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Misinformation is killing people. Here's the truth about COVID vaccines

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Registered nurse Tammi Boiko prepares a dose of COVID-19 vaccine at Martin Luther King, Jr. Community Hospital. (Francine Orr/Los Angeles Times)

U.S. Surgeon General Vivek Murthy issued his first formal health advisory last week, warning Americans that misinformation about COVID-19 vaccines poses an “imminent and insidious threat to our nation’s health.”

Such advisories are typically used to flag the dangers of tobacco use or the opioid epidemic. Murthy’s was the first to target vaccine disinformation.

“Simply put, health misinformation has cost us lives,” he said.

The surgeon general’s warning came as many Americans’ reluctance — and sometimes downright refusal — to roll up their sleeves for the vaccination has left wide swaths of the country vulnerable to the more contagious Delta variant.

“The only pandemic we have is among the unvaccinated,” President Biden lamented last week.

Now, the overwhelming majority of COVID-19 deaths are among those who haven’t gotten the vaccination.

“It’s really sad and tragic that most all of these are avoidable and preventable,” Dr. Anthony Fauci, the nation’s top infectious disease expert, said this month on NBC’s “Meet the Press.”

Yet the misinformation continues to circulate, and vaccine doses remain unused. So we asked to two experts to evaluate four common arguments and explain why they’re wrong.

“I’ve already had COVID, so I don’t need the vaccine.”

Surviving a bout of COVID-19 probably won’t protect you as effectively as a full course of COVID-19 vaccine, experts say.

“We know that the level of antibodies one gets from natural infection varies depending on the severity of their infection,” said Mercedes Carnethon, an epidemiologist at Northwestern University Feinberg School of Medicine. On the other hand, “we get a more robust and consistent response from the vaccine.” That makes it a better bet “for immunity over a long period of time,” she said.

It’s also unclear whether the antibodies you developed in response to a coronavirus infection will be able to recognize other variants of the virus.

“Somebody who had COVID at the beginning of the pandemic may have had a very different variant than what’s circulating right now,” Carnethon said. “The vaccines are demonstrating that they protect against the new variants.”

Even if you’ve had COVID-19, getting those shots is well worth it. Scientists have found that even a single dose of vaccine gives the immune system of a COVID-19 survivor a big boost.

“We don’t know the vaccine’s long-term side effects.”

Historically, the vast majority of vaccine side effects occur not long after getting the shot, said Dr. Gabor Kelen, head of the emergency medicine department at Johns Hopkins University. Allergic reactions, which are rare, happen within moments; most other side effects emerge and dissipate within weeks.

“People need to chill about the long-term impact,” Kelen said. “The way immunology works is [if] something’s gonna happen, it’s gonna happen fairly soon,” he said.

What you really should be worried about is the long-term effects of a coronavirus infection, Carnethon said. She ticked off a few of problems that plague the unfortunate people who suffer from long COVID, including heart inflammation, fatigue and cognitive difficulties.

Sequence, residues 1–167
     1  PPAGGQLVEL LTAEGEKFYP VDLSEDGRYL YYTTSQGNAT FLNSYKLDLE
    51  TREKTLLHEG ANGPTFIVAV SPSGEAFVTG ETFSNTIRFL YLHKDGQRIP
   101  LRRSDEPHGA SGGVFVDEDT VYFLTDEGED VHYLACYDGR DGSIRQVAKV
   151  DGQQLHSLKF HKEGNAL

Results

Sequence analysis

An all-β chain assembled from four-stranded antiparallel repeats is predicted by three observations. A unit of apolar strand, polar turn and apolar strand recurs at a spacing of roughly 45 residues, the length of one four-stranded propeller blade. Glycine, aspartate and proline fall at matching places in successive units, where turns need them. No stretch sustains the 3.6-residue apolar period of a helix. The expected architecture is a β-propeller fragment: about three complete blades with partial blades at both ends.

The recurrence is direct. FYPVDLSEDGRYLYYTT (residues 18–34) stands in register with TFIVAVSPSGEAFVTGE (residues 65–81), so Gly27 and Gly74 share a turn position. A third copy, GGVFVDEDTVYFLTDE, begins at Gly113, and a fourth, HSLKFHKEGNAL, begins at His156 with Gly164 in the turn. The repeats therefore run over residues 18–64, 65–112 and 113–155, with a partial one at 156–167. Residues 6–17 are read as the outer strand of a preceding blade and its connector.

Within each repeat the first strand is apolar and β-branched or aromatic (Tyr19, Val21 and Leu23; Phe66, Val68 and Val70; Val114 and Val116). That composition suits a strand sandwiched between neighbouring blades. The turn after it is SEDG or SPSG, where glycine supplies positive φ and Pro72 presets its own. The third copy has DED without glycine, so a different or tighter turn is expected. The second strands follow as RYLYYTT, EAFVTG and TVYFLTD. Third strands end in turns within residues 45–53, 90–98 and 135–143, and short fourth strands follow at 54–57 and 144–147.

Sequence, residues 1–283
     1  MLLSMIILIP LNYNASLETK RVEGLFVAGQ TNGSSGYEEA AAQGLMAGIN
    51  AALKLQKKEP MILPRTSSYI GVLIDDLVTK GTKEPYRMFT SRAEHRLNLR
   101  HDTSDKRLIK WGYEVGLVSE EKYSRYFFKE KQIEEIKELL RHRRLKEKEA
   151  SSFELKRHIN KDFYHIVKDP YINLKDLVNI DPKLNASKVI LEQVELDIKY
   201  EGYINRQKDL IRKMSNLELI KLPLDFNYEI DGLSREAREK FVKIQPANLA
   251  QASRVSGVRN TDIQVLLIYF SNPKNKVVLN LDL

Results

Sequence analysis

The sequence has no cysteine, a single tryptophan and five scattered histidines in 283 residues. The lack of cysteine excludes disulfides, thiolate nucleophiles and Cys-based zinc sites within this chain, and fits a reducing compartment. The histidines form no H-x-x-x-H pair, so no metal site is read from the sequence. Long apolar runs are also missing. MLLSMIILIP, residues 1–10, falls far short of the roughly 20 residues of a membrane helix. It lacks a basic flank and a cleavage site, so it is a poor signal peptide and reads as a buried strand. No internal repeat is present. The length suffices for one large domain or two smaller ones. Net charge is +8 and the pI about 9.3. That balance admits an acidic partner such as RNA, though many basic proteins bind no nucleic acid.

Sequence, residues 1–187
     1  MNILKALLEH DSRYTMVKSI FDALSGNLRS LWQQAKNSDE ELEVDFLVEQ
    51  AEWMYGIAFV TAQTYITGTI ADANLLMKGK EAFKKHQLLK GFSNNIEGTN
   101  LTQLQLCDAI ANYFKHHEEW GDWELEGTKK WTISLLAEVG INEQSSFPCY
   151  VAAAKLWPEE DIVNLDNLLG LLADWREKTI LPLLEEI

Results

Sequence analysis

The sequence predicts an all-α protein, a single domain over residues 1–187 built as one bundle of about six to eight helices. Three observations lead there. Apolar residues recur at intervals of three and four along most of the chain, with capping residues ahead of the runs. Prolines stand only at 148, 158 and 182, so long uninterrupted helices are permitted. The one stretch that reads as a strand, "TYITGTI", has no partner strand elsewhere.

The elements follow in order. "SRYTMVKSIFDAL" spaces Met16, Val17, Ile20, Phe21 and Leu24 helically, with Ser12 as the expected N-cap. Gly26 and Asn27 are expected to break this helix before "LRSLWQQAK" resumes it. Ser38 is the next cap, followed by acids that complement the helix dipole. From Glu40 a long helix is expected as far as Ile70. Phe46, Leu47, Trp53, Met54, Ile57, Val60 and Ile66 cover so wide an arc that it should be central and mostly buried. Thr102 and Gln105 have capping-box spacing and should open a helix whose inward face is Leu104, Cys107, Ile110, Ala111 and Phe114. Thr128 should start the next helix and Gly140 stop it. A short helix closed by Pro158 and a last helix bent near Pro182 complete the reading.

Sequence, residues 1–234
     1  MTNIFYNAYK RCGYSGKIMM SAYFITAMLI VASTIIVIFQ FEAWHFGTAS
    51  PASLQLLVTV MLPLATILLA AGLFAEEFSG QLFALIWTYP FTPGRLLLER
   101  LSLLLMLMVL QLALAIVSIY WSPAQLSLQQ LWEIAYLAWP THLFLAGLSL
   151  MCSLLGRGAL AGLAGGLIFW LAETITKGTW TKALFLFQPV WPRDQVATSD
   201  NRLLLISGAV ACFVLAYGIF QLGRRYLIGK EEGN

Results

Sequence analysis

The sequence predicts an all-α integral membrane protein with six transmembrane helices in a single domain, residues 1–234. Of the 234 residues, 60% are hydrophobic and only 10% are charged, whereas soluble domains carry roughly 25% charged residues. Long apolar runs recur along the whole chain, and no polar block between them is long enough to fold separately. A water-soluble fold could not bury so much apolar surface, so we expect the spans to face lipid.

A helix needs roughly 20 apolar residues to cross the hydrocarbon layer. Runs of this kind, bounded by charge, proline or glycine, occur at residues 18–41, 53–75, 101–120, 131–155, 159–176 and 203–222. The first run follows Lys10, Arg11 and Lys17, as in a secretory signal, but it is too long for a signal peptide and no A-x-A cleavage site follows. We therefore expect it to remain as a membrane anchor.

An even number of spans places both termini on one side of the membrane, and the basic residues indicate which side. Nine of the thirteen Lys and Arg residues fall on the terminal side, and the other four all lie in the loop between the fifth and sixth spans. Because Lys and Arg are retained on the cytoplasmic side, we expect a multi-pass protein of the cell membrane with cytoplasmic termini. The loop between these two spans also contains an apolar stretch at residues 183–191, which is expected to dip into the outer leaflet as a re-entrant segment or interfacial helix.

Throughout history, she said, “there’s been no vaccine that had worse side effects than the disease that it was developed to fight.”

“I don’t need to be vaccinated because I’m young and healthy.”

Young people may be less likely to become seriously ill compared with senior citizens or people already dealing with chronic health problems, but it does happen. Young people end up in the hospital. They die. If they survive, they often have to live with debilitating symptoms for months, if not longer.

It’s not worth taking that chance — particularly when vaccinations are free to recipients and readily available, experts said.

“You’ll be fine — unless you’re not,” Carnethon said. “And it’s young adults who are seeing a little more of the long-haul COVID, which can interfere with your quality of life massively.”

In some ways, the bigger problem is that younger adults with mild symptoms can spread the virus to others — especially elderly and vulnerable loved ones, who are more likely to develop severe COVID-19 and die from it.

“You’re ultimately going to give it to a friend [who] is going to get very, very sick, or make their grandmother very, very sick,” Kelen said. In the end, “you have no idea who you kill.”

“It’s a personal choice to get vaccinated.”

“If that was all there is to it, I think all of us could shake our heads and say, ‘OK, you’re right, we can’t stop you from making bad decisions, we can just give the facts and advice,’” Kelen said.

But the problem with that argument is that “this is an infection where it’s not only about you,” he said. “If you don’t get vaccinated, it’s not only you who takes the risk. You risk a lot of people around you, including people you like and love.”

Plus, folks who don’t get vaccinated are providing the coronavirus with more opportunities to evolve in ways that make it better at spreading, better at making people seriously ill, and better at evading our medicines and vaccines. If any of those things happen, it will prolong the pandemic.

“We all want to get back to normal. We all want to be able to do the things that we used to be able to do regularly,” Carnethon said. “But by not getting vaccinated, now there’s someone else it can spread to and change itself further.”

This story originally appeared in Los Angeles Times.

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